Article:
The money — and the media — behind Broadway serve up the illusion that hit shows are frozen on opening night.
Whatever superlatives were showered on “Billy Elliott” or “In the Heights” when they opened years ago are still screaming at us from posters in the lobby and on little signs dangling on the marquees.
With Broadway being such a huge business — and tourist magnet — it has always puzzled me that shows aren’t revisited on a regular basis by critics (or arts consumer reporters) to see if they are still delivering the goods.
Lip service is given to the notion of theater being an art form in which every performance is — and should be — unique, but few talk about the problems that arise when a play or musical runs for months or years. Actors in a hit certainly remain “artists” but they are also cogs in a commercial machine.
Some performers have the physical equipment and the dedication to maintain a role for months and months (I saw William Daniels in “1776” almost two years into his run and he was still a fantastic John Adams).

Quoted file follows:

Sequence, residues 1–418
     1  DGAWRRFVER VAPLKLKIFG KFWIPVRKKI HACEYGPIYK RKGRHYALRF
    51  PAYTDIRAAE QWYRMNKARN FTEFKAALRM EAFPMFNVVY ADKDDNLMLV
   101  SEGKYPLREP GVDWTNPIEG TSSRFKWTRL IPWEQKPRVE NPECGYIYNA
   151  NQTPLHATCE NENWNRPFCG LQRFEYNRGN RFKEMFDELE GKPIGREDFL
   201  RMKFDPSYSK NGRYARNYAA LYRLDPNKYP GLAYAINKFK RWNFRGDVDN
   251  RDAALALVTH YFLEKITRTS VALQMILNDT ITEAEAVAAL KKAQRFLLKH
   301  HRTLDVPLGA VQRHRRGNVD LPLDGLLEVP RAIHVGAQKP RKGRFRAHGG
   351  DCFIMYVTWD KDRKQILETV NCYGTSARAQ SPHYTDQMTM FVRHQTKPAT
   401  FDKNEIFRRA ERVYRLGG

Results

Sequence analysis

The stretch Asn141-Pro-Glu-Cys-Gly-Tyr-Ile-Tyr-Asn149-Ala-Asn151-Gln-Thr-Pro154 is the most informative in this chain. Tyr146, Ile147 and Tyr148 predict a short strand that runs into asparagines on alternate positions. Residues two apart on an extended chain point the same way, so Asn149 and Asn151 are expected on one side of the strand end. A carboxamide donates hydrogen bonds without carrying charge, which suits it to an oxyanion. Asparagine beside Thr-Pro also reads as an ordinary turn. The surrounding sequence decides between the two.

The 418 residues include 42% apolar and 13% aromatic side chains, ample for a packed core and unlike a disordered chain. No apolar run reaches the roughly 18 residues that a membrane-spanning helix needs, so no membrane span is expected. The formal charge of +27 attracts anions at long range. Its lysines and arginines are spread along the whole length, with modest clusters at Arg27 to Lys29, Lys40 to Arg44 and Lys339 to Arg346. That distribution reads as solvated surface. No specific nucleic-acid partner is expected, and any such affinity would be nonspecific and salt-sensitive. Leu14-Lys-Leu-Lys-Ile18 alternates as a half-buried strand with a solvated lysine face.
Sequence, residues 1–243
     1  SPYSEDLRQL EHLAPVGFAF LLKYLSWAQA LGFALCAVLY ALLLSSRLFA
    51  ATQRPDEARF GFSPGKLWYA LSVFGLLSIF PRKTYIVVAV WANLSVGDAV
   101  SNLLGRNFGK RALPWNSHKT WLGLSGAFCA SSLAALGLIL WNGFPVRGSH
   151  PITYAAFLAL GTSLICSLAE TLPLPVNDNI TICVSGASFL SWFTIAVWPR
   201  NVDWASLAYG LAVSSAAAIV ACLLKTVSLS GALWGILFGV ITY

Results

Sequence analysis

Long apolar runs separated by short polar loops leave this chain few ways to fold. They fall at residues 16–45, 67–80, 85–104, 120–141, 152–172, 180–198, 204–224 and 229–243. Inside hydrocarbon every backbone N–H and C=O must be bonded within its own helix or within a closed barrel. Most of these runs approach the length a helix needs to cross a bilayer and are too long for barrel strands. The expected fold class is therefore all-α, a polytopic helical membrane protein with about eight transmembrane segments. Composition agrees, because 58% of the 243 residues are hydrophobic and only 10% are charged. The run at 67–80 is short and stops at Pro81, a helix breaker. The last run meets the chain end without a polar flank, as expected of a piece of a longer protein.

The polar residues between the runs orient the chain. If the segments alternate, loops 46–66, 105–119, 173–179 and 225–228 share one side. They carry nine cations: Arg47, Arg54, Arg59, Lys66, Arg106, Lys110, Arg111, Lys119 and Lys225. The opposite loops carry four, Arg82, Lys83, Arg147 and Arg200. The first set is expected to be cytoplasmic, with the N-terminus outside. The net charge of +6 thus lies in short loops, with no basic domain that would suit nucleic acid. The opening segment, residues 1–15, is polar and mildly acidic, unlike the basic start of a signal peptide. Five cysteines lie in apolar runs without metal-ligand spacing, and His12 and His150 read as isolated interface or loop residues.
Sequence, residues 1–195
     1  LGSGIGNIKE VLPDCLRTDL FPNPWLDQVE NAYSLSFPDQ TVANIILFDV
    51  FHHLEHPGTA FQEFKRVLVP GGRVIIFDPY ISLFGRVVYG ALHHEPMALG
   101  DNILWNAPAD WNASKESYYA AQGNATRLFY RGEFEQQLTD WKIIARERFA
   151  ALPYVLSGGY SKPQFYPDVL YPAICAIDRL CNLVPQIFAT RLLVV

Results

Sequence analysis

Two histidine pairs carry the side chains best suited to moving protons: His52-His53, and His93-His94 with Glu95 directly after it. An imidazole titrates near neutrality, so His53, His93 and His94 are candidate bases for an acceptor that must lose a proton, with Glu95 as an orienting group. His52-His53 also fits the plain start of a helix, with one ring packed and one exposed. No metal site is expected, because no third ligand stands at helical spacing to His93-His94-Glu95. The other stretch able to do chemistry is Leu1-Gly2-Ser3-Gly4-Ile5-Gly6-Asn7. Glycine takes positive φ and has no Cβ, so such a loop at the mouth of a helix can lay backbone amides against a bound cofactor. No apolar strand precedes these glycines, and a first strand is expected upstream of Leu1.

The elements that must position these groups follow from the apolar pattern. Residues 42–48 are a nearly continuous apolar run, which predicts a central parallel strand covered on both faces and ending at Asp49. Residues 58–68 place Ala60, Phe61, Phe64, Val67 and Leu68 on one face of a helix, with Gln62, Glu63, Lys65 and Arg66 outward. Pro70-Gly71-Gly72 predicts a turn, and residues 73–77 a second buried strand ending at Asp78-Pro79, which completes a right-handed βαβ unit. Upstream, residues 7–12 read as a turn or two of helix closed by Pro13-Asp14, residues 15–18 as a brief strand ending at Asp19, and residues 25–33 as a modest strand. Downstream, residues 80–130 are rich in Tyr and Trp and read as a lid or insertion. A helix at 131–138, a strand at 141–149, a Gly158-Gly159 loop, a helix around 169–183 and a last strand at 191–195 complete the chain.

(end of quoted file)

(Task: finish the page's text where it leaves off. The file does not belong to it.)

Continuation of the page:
Others get bored and go on auto-pilot.
Some stars do weird things to keep themselves interested (i.e. theater history accounts of Barbra Streisand in her second year of “Funny Girl,” and Zero Mostel in his second month of “Fiddler on the Roof”).
Then, there is the case of unusually strenuous roles that can wreck performers, perhaps because they were not designed to be played eight times a week for an extended period of time.
Which brings me to Alice Ripley and her Tony Award-winning performance in the psychodrama musical “Next to Normal,” which has been running since the spring of 2009.
I didn’t catch up with the show and Ripley until yesterday’s matinee and my first thought after the show was that it is a very good thing the actress is leaving the production on July 18.
I’ve been a fan of Ripley’s since I saw her breakthrough performance as one of the conjoined twins in “Side Show” in 1998, but it was painful to listen to the sound of her singing voice in “Next to Normal” Sunday.
Yes, some of the rock-tinged score is meant to sound harsh — the show is about a suburban wife and mother who has been breaking down mentally for 16 years — but Ripley was the only performer on stage whose voice was such a strangled rasp that half of the words she sang couldn’t be understood.
The sound engineers appeared to be playing tricks with her track in order to pump up the sound, but it only emphasized the vocal problems and in some scenes made Ripley’s voice seem to be disembodied (because it was so loud and clearly not coming from the direction of the woman on stage).
Maybe the actress had laryngitis. Maybe she had a bad cold. But in either case, she was not the doing the audience or herself any favors by performing.